MEMPHIS, Tenn. (localmemphis.com) – IV hydration drip bars been popular on the east and west coast for years but now hydration bars are popping up here in the Mid-South.
Essentially, you go to a spa or a clinic and they put an IV in your arm. It can be filled with a variety of stuff, but before you go, experts say educate yourself.
“I’ve never had anything like this,” said first-time hydration bar customer Zach Scott.
We found Scott at Pro Health Wellness Clinic in East Memphis. He was getting a basic hydration drip the day before a long-distance obstacle race.
“An IV fluid bag supercharged with vitamins is the fastest, most direct way to perk back up, ” said Estes Folk.
Folk owns the East Memphis clinic. He says demand for the IV hydration has increased every year since he began offering it three years ago. It ranges from plain hydration bags, to vitamin infused bags, to special bags to help boost immunity, fight migraines, even cure hangovers.
“A lot of people are familiar with the hangover cure, IV, that’s probably the one that’s gotten the most publicity,” said Folk.
While Folk says his clinic makes no promises of what IV therapy can do, the Federal Trade Commission says consumers do need to watch out for companies that do.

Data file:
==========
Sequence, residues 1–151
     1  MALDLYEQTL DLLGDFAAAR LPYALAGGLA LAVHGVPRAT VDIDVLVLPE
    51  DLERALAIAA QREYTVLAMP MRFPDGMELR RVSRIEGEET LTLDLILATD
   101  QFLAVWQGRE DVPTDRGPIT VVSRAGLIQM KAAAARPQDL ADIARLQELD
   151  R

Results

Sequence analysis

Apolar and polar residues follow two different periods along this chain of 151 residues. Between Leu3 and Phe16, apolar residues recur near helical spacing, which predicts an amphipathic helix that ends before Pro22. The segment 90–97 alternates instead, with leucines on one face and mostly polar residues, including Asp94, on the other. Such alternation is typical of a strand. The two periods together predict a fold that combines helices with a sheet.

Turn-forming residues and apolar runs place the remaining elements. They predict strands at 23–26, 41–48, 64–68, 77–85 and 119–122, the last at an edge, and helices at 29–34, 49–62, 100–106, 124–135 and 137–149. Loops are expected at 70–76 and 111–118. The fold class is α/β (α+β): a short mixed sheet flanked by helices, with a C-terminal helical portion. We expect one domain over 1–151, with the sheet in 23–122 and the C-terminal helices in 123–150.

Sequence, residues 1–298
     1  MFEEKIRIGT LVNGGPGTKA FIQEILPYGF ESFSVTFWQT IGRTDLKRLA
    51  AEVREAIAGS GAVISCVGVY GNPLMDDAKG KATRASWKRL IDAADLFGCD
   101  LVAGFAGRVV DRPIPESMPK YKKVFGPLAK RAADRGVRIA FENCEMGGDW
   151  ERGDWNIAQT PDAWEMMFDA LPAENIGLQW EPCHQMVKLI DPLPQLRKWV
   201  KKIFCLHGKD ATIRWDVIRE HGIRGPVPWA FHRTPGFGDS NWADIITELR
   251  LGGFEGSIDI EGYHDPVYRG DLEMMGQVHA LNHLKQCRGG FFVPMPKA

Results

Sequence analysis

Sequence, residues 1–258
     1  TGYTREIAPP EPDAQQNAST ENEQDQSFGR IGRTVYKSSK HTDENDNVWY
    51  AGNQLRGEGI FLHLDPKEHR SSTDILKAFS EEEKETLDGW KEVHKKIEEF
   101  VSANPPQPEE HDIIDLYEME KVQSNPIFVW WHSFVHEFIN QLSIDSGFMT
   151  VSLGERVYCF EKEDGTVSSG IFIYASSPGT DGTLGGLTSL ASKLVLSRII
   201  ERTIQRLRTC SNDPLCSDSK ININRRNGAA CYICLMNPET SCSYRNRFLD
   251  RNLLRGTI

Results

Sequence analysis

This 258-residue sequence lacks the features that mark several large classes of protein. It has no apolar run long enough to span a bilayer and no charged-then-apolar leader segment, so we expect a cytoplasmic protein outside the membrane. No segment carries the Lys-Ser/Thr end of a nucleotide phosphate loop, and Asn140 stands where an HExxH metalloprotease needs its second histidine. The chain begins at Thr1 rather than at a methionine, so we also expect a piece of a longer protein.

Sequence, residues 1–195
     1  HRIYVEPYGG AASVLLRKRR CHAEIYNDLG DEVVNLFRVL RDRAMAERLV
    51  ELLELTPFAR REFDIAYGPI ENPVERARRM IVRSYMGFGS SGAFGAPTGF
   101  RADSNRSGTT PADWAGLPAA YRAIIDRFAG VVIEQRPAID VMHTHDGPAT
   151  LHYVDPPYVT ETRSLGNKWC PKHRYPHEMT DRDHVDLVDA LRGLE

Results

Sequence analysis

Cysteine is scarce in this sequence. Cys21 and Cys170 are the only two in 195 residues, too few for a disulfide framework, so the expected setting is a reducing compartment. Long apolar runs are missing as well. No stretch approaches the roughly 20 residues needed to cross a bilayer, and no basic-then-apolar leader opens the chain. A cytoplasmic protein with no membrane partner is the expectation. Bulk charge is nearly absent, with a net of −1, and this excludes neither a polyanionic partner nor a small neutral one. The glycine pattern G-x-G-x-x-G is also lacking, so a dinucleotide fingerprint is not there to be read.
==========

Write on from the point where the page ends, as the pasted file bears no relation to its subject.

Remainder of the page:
Last year, it charged a Texas company, A and O Enterprises and Aaron Roberts – doing business as IV Bars Incorporated. The FTC says it made deceptive and unsupported health claims. According to court records, THE FTC says the company claimed it could treat diseases such as cancer, multiple sclerosis, and congestive heart failure. Court records show the list of medical IV treatments and conditions the company claimed it could help.
The company reached a settlement with the FTC and can no longer make such claims.
“If they are claiming they are treating things, I would stay away,” said dietitian Hannah Osterndorf.
St. Francis Hospital registered dietitian Hannah Osterndorf is skeptical when it comes to IV hydration bars. She says there is no clinical evidence that IV therapy really works, “these vitamins, unless you are actually deficient in the vitamin and you had your labs tested, it’s not going to be doing anything.”
These bags are expensive, running from $75 to a couple hundred dollars.
“The skeptic would say just drink more water. We would say they’re is a time and place in hydration can be really useful,” said Folk.
If you are going to do this, Osterndorf offers these tips.
“Just making sure you are doing your research and going to a reputable place is going to be a big thing,” said Osterndorf. “You want to make sure where you are getting that bag is from a good place, and where they’re getting those bags are also going to be from a good place.”
As for Scott, he hadn’t heard about the action the Federal Trade Commission took against the company in Texas. This first time drip user just came in after his friends suggested he to so to hydrate for the big race.
“I’m excited to see if it makes a difference,” said Scott.